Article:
Welcome, Guest. Please Login.
Gravity Simulator
11/18/17 at 22:38:00
News: Registration for new users has been disabled to discourage spam. If you would like to join the forum please send me an email with your desired screen name to tony at gravitysimulator dot com.
Home Help Search Login


Pages: 1
Send Topic Print
NASA's Stereo Mission (Read 4790 times)
Tony
YaBB Administrator
*****




Posts: 1051
Gender: male
NASA's Stereo Mission
11/03/07 at 20:53:31
 
On October 26, 2006, NASA launched a pair of spacecraft to observe the Sun in stereo.  On December 15, 2006, the pair of spacecraft swung by the Moon for a gravity assist.  Stereo A was ejected into solar orbit.  Stereo B remained in Earth orbit to receive another gravity boost from the Moon on January 21, 2007.


 
The simulation http://orbitsimulator.com/gravity/simulations/stereo10272006.gsim shows a trio of spacecraft: Stereo A, Stereo B, and their booster rocket, in Earth orbit following launch.  If you run this simulation, you'll notice that all three spacecraft crash to Earth at perigee.  While this was the fate of the booster rocket, Stereo A and Stereo B performed a burn while near apogee, raising their perigees above Earth's surface.



 
The simulation http://orbitsimulator.com/gravity/simulations/stereo11022006.gsim shows these twin spacecraft as they continue to orbit the Earth in highly eccentric orbits that carry them from just above Earth's surface to slightly beyond the orbit of the Moon.
 


 
The simulation http://orbitsimulator.com/gravity/simulations/stereo12152006.gsim shows the spacecraft swing by the Moon for a gravity assist on December 15, 2006.  Watch as Stereo A is ejected from the Earth / Moon system, while Stereo B is boosted into a wider orbit around the Earth.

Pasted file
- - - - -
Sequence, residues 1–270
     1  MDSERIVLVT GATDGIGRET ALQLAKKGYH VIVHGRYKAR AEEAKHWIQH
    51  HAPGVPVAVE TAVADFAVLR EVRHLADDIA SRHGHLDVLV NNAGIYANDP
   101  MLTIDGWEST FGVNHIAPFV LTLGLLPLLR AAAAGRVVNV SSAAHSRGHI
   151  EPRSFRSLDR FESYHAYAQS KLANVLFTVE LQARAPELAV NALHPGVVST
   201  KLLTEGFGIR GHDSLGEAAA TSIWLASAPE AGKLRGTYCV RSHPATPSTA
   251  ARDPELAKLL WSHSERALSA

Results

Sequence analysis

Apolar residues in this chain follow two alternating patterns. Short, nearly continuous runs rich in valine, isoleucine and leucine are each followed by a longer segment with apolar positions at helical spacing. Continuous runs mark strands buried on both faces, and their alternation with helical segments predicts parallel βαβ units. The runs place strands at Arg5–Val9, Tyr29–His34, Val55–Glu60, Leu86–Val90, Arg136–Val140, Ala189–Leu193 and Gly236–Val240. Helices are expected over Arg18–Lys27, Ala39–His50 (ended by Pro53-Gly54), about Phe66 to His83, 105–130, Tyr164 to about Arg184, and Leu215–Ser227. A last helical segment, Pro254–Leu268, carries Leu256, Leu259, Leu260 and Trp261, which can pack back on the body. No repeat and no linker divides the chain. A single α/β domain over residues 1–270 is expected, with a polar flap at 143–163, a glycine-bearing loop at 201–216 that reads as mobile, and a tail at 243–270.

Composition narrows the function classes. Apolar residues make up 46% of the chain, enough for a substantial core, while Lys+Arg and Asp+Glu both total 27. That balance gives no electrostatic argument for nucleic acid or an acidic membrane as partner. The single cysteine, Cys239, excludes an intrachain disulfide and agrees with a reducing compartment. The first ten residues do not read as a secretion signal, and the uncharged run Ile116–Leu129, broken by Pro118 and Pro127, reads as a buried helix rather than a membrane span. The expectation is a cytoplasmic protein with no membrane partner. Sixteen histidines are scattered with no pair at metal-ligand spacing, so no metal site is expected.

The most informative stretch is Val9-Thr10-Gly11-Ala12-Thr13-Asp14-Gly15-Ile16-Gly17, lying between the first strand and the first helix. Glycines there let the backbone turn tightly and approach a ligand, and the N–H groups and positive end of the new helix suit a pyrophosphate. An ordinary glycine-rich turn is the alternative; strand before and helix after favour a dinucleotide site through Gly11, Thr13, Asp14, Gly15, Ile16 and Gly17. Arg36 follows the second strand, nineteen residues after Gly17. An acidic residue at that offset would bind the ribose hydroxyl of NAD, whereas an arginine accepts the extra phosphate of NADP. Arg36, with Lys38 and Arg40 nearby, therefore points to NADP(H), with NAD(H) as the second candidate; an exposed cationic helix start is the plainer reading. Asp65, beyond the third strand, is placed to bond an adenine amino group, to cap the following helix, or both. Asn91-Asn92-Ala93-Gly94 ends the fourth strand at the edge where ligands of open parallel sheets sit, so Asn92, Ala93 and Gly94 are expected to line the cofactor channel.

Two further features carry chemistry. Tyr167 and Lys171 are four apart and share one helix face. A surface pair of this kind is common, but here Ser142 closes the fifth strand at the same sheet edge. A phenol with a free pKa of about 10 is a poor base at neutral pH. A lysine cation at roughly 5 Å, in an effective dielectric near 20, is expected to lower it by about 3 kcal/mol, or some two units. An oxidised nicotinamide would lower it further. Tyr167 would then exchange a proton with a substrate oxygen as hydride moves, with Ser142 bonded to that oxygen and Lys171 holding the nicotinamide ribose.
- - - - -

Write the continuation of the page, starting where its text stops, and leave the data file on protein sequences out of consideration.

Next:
On January 21, 2007, Stereo B returns to the Moon for another gravity boost that will eject it from the Earth / Moon system.  The simulation http://orbitsimulator.com/gravity/simulations/stereo01212007.gsim shows Stereo B just prior to the gravity boost.  Watch as it is ejected into solar orbit.



 
Switch the Focus Object to the Sun and zoom out to watch the twin spacecraft in their solar orbits.



 
The simulation http://orbitsimulator.com/gravity/simulations/stereoRF.gsim shows the spacecraft in a rotating frame with its period set to Earth's orbital period.  Year after year the spacecraft become more distant.  Soon stereo images will not be possible because the seperation between the two spacecraft will be too great.

Back to top
 
 
Email View Profile WWW   IP Logged
frankuitaalst
Ultimate Member
*****


Great site

Posts: 1507
Gender: male
Re: NASA's Stereo Mission
Reply #1 - 11/04/07 at 02:11:14
 
The simulation http://orbitsimulator.com/gravity/simulations/stereoRF.gsim shows the spacecraft in a rotating frame with its period set to Earth's orbital period.  Year after year the spacecraft become more distant.  Soon stereo images will not be possible because the seperation between the two spacecraft will be too great.
Was is the intention to let the two spaccraft drift away ? Or don't they have any fuel or means to change their orbit anymore ? BTW : where does NASA provide the orbit data for this spacecrafts ?
Back to top
 
 
Email View Profile   IP Logged
Tony
YaBB Administrator
*****




Posts: 1051
Gender: male
Re: NASA's Stereo Mission
Reply #2 - 11/04/07 at 11:34:01
 
The data is available on the Horizons system.  Their IDs are -234 and -235.
 
Wikipedia's article states that they drift about 21 degrees a year in opposite directions.  They probably don't have enough fuel to halt their drift.
Back to top
 
 
Email View Profile WWW   IP Logged
Pages: 1
Send Topic Print